• Stammering therapy and the social model of disability – what does it look like in practice? By Sam Simpson and Rachel Everard

Sam and Rachel will reflect on and share the different ways they have integrated the social model into their therapy practice, both 1:1, in group work and beyond the therapy room. They will describe their individual responses to the model, how their practice has been developed and shaped by it and a range of responses from clients.

  • A personal journey through stammering disability models by Patrick Campbell

The natural approach to stammering in society appears to be to approach it as a defect that should be minimised or eliminated through therapy. In this talk, Patrick will reflect on his life as a person who stammers within this medical framework and how his thinking – and life – has changed after being introduced to radical thoughts and philosophies around stammering from the social model.

  • A UK culture where everyone with a stammer can achieve their full career potential by Iain Wilkie

Launched in May 2013, the Employers Stammering Network’s (ESN) membership now includes public and private sector organisations employing over 1.5 million people in the UK. The ESN is by many measures already a success, but in reality there is still much to do to achieve our vision of “A UK workplace where everyone with a stammer can achieve their career potential”. In this talk, Iain will share insights from the ESN’s first 3 years and looking forward to year 4 and beyond

  • A conversation on the consequences of early childhood intervention by Chris Constantino, Dori Holte, and Joshua St. Pierre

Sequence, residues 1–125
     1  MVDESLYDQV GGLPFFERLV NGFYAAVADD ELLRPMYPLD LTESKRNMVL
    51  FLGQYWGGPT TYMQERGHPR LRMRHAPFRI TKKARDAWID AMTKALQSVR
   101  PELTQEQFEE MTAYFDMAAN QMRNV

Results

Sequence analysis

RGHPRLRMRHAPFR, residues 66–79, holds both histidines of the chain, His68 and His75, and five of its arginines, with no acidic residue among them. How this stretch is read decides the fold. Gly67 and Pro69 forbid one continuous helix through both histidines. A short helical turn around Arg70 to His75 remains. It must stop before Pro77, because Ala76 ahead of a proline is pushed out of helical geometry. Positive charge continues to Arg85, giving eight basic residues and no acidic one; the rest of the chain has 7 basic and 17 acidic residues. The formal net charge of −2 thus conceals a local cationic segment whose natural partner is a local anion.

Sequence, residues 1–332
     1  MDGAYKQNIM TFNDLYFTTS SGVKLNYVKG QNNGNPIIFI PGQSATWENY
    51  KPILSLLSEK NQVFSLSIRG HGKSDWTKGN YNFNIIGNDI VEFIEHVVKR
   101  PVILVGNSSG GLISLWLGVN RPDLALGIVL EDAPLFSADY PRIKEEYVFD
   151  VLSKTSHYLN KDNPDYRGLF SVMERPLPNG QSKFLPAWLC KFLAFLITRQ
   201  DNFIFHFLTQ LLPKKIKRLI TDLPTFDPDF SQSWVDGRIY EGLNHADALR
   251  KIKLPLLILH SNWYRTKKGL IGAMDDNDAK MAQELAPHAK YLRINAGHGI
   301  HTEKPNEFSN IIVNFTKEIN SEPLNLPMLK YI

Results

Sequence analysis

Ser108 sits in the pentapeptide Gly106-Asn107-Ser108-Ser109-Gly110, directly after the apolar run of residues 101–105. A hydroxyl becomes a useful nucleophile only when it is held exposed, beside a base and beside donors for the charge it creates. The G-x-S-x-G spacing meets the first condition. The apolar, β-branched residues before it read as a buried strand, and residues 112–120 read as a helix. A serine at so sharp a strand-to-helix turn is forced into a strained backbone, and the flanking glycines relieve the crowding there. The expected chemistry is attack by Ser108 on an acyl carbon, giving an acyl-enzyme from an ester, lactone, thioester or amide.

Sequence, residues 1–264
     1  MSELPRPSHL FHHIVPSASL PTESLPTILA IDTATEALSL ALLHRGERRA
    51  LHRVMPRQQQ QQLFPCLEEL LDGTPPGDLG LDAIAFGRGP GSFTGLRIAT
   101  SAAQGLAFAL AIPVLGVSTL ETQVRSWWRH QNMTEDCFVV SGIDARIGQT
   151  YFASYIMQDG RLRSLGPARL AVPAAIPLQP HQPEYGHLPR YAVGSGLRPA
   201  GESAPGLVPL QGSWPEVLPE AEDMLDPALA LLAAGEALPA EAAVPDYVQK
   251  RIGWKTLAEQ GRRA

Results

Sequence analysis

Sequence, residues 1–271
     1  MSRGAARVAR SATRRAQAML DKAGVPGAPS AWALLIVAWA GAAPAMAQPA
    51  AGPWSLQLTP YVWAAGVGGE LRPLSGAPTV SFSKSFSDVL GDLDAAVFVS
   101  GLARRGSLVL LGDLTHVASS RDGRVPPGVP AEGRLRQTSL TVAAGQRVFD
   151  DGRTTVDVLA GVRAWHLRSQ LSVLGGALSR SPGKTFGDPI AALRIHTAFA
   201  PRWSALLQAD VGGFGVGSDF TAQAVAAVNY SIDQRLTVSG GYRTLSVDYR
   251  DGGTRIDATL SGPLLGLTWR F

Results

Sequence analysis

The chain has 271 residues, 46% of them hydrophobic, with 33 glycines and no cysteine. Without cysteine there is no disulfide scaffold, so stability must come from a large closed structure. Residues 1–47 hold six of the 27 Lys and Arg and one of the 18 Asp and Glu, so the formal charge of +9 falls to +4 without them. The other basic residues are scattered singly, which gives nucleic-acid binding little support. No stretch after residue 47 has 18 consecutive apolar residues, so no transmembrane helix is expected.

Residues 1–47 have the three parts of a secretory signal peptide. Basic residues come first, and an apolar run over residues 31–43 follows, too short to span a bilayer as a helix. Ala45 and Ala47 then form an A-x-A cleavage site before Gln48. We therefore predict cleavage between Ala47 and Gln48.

Chris, a speech language pathologist, explores what space is left for stuttering pride within SLT. Dori, the parent of a child who stutters and author, highlights the potential negative effects of some widely used therapy approaches and discusses how the social model can help parents see stuttering in a new light. Josh, a PhD candidate in disability studies, discusses the influence of intervention in the construction of disability and the possible ramifications of our current ways of thinking

  • Scary Canary: Stammering, Struggle, Challenge and Beauty by Katy Bailey

Our dysfluent speech freaks people out, ourselves often included! I will explain how, with the right kind of support, the people who do the stammering can become some of those least troubled by it. Recognising the role of struggle in the interface between our dysfluency and the environment is essential. I will talk about how work to reduce this struggle can be liberating for people who stammer, and satisfying for those helping. Rejecting this struggle also puts the challenge of dysfluency firmly back where it belongs, in a society that validates a certain kind of speaking; and I will explore how this challenge can free up a different, proud and beautiful way of talking.

>> Book your place via Eventbrite

>> Find out more about speech therapy at City Lit